The ability to play back re-writeable CDs (CD-RWs) as well as standard CDs and DVDs.
Many DVD players can play back recordable CDs (CD-Rs) as well as DVDs and standard CDs. Some DVD players cannot play back CD-Rs, and the ability to playback CD-R discs does not imply that a model will read or play re-writeable CDs (CD-RWs).
Some DVD players will decode and play MP3 files that have been recorded to a CD.
Some DVD/VCR combo decks can record your TV shows to recordable DVD discs.
Inputs & Outputs
HDMI stands for High-Definition Multimedia Interface. It's a multi-pin interface that transfers uncompressed digital video with HDCP copy protection and multichannel audio.
A video signal in which the brightness (luminance) and color (chrominance) portions of the signal are processed separately. Component video signals provide greater color accuracy than S-video or composite signals. Where S-video separates the luminance and chrominance portions of the signal, component video goes a step further and splits the chrominance portion into two components. The benefits - improved color accuracy and less color bleeding - are especially noticeable on larger-screen TVs.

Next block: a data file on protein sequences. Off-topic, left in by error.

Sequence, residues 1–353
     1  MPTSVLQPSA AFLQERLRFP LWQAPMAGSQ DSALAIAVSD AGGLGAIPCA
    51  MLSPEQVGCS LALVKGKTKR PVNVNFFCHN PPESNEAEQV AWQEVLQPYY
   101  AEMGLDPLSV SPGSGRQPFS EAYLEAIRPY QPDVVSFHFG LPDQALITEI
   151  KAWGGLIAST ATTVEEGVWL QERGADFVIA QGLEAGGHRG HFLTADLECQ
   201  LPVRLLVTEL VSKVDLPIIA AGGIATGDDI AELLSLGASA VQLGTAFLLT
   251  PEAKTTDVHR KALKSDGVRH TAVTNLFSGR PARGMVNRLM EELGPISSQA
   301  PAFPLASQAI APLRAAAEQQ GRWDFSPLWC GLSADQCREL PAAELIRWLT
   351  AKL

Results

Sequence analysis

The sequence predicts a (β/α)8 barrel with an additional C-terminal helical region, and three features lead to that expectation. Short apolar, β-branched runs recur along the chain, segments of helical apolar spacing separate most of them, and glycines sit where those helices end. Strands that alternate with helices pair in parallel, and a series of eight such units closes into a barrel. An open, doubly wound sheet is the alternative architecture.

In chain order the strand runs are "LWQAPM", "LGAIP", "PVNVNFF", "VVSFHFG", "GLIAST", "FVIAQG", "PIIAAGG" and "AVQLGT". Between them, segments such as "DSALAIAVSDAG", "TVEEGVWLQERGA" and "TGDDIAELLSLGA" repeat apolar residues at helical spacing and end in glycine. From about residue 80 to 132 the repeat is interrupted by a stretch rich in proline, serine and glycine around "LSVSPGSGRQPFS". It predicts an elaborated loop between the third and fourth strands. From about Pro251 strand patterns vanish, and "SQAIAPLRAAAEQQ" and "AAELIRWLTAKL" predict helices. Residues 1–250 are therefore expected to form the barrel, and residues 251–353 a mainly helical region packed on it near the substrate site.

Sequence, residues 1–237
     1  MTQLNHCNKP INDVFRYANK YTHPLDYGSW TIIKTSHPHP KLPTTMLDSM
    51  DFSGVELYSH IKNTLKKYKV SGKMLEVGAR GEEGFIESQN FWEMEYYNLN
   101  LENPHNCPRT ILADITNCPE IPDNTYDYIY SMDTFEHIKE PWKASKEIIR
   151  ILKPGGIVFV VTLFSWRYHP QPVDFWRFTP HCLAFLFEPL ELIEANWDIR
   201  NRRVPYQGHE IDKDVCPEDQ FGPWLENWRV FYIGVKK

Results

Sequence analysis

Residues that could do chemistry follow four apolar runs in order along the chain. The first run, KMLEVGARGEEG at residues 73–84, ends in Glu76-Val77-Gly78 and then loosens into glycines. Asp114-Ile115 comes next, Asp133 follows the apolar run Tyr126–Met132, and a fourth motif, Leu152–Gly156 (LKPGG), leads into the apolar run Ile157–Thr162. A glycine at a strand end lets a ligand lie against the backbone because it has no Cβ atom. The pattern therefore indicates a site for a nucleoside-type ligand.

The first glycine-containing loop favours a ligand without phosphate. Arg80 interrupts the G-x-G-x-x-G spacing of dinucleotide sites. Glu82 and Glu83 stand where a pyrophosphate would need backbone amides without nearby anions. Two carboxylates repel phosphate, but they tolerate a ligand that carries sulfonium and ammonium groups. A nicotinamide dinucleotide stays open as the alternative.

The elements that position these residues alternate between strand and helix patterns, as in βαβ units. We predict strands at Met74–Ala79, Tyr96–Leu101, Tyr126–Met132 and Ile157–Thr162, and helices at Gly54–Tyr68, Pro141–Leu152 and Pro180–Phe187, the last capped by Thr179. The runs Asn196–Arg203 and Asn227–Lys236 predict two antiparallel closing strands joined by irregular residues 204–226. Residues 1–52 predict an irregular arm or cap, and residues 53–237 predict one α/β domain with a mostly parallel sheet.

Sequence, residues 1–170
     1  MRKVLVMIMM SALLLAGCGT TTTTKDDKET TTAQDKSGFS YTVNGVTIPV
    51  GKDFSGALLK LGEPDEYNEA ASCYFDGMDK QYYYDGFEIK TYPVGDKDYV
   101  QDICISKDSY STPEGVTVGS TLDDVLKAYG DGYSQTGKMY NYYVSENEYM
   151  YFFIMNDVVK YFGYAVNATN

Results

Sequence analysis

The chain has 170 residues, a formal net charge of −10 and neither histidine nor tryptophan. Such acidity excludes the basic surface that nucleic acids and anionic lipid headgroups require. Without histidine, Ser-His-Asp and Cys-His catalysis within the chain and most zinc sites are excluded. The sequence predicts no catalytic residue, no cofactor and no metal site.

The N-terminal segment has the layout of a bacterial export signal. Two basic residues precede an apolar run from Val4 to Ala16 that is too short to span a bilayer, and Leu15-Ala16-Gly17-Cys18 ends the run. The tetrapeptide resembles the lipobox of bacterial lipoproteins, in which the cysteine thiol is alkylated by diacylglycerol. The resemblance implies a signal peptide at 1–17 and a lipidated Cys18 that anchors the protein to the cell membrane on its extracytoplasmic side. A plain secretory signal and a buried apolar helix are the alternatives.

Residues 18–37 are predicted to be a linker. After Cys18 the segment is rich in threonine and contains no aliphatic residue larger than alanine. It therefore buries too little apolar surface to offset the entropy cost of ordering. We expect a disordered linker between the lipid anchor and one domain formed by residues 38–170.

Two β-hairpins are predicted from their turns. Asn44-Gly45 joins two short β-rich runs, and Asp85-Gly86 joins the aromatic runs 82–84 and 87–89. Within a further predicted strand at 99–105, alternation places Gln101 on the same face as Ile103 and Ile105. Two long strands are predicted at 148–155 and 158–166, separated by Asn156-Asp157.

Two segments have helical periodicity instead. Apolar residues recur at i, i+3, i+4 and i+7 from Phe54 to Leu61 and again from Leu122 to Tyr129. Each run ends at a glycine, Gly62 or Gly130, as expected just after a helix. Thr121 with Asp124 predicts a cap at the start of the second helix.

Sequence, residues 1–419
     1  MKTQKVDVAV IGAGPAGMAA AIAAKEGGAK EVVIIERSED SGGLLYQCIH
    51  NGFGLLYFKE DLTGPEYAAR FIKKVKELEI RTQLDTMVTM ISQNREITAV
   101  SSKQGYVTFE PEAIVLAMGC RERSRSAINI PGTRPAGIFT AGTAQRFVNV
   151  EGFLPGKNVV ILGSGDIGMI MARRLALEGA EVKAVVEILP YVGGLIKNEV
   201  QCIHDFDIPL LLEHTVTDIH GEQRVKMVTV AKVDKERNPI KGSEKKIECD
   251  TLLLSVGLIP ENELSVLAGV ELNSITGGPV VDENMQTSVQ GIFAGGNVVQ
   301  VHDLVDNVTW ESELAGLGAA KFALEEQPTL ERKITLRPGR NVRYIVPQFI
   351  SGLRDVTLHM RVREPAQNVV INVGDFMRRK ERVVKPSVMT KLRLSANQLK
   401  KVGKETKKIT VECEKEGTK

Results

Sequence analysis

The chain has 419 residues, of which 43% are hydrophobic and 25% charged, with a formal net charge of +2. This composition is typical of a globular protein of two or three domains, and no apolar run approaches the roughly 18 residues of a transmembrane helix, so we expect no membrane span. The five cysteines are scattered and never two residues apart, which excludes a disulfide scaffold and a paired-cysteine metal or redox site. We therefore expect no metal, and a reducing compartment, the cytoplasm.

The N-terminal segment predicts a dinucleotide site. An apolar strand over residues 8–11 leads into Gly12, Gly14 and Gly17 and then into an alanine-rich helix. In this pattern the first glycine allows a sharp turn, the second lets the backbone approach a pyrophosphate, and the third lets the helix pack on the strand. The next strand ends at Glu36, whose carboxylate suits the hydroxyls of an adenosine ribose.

A video signal in which the brightness and color portions of the signal are combined. Examples of composite video include standard VHS, laserdisc, and regular broadcast TV. A DVD player's standard RCA-type video jack provides a composite video signal.
Found on nearly all of the DVD players we sell, this 4-pin connector usually provides a sharper, higher resolution picture (compared to a composite video output) by transmitting the chrominance and luminance portions of a video signal separately. The signals can then be processed separately, reducing interference. Direct S-video connections help realize more of the potential of high-performance video components.
items were found that match your search.